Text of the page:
Cornell Plantations has partnered with the 92nd Street Y in New York City for its “Changing Earth” lecture series.  This unique series of seven lectures will take place monthly from November 2011 to May 2012, and is part of the Y’s First Class Science adult education program.

The year-long series kicks off on November 16th and features diverse topics and speakers from Cornell University and other organizations.

Dr. Nina Bassuk, professor in Cornell’s Department of Horticulture, delivers the first Plantations-themed lecture of the series on December 7 at 7:00 p.m., “Why Do We Need Trees?”  She is co-author with Peter Trowbridge of Trees in the Urban Landscape, and leads the Urban Horticulture Institute at Cornell.

Dr. Don Rakow, the E.N. Wilds director of Cornell Plantations will give the second Plantations-themed lecture on March 14, “Why do we need green spaces? The importance of public gardens and parks in our communities.” Beyond fulfilling our need for a connection to nature, he'll talk about how the roles of parks and public gardens are changing dramatically in this era of increasing environmental crises.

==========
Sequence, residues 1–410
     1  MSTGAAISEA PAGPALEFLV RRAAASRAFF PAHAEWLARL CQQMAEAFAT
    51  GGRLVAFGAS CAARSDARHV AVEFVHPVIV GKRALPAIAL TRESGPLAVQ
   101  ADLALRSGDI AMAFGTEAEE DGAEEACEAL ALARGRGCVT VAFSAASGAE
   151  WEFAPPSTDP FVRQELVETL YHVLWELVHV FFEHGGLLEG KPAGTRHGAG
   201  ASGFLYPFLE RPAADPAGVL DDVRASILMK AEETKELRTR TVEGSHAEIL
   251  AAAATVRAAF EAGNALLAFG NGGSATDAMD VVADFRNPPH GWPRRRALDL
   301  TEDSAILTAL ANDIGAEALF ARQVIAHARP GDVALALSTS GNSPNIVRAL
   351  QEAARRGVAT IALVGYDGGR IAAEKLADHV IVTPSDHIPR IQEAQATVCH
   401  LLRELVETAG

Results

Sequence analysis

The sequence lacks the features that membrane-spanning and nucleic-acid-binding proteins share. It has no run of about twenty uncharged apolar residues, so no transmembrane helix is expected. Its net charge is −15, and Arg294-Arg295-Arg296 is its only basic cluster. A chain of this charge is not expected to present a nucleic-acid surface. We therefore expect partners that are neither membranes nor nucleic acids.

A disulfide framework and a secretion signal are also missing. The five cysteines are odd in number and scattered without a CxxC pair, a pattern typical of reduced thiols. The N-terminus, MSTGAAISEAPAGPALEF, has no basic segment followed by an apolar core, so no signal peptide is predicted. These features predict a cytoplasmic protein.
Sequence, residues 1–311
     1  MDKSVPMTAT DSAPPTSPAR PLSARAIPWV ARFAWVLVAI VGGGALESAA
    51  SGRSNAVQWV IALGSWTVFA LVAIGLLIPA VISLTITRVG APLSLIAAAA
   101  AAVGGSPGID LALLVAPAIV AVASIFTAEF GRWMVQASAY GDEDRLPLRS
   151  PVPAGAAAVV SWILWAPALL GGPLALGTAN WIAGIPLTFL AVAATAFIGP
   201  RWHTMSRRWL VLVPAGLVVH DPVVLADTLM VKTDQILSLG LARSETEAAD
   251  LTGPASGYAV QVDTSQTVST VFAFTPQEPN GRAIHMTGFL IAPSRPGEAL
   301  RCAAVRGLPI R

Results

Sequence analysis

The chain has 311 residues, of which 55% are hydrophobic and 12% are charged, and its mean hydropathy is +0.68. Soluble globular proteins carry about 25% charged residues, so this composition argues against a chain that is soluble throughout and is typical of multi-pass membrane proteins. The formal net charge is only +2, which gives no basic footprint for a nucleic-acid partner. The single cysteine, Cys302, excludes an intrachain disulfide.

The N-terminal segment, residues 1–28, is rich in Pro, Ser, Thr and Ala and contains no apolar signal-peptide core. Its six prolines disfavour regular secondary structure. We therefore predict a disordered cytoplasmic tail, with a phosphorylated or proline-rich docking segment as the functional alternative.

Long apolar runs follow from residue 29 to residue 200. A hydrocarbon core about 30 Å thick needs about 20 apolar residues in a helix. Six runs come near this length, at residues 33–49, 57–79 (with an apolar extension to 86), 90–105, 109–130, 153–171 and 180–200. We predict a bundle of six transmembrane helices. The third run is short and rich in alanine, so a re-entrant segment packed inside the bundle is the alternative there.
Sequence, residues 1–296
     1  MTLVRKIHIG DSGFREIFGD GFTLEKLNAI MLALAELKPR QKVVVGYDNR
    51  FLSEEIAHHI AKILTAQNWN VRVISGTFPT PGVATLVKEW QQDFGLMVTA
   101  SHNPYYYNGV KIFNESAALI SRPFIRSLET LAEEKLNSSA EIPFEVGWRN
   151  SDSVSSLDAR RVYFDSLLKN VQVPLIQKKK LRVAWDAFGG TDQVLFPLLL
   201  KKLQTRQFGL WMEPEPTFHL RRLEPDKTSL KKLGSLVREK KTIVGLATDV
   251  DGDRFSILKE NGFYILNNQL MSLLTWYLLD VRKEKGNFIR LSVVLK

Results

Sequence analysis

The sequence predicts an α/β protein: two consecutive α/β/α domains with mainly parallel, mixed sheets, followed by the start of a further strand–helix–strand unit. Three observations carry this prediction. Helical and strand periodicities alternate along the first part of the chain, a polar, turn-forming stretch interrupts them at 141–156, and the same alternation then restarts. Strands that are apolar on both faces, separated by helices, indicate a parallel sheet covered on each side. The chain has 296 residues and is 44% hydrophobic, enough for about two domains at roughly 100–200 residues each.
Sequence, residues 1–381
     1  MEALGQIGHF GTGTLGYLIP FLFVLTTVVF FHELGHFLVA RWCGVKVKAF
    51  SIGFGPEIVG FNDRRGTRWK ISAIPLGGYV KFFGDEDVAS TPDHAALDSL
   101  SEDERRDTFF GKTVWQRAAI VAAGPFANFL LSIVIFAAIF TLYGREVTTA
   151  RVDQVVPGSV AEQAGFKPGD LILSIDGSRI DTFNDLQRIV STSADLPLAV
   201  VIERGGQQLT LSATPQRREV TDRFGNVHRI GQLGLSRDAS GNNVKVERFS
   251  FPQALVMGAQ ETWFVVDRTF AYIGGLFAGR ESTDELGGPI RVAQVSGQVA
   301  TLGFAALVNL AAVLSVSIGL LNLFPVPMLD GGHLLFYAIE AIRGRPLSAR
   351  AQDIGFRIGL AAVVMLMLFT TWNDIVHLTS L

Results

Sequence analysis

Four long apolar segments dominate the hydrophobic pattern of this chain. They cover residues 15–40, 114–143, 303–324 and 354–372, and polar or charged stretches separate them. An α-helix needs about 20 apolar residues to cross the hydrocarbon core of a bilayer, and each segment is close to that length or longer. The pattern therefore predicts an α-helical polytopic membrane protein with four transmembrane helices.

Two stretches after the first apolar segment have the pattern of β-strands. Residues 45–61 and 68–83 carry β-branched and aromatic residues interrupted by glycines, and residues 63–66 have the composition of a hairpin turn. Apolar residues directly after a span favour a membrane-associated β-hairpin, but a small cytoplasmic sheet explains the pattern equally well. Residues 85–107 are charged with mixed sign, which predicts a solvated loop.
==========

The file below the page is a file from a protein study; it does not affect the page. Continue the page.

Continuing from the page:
“Cornell Plantations is excited to partner with the 92nd St. Y to sponsor these lectures,” stated Dr. Rakow.  “In the crowded, fast-paced cities of today, we have a greater need than ever for the beauty and ecological services provided by street trees, parks, and public gardens.  In these lectures to be provided by Prof. Nina L. Bassuk and myself, participants will learn about ongoing research and outreach efforts to extend the lives of urban trees, as well as the many ways in which public gardens enrich our lives.”

Also speaking as part of the “Changing Earth” series is, Dr. Jonathon Lunine, the David C. Duncan professor of astronomy at Cornell University.  Lunine will speak on April 18, 2012 on the possibility of life forms on other planets.

For more information and a complete listing of speakers click here.

On Display: "A Closer Look," plant photography by Susan Larkin

Published: 
2 years 38 weeks ago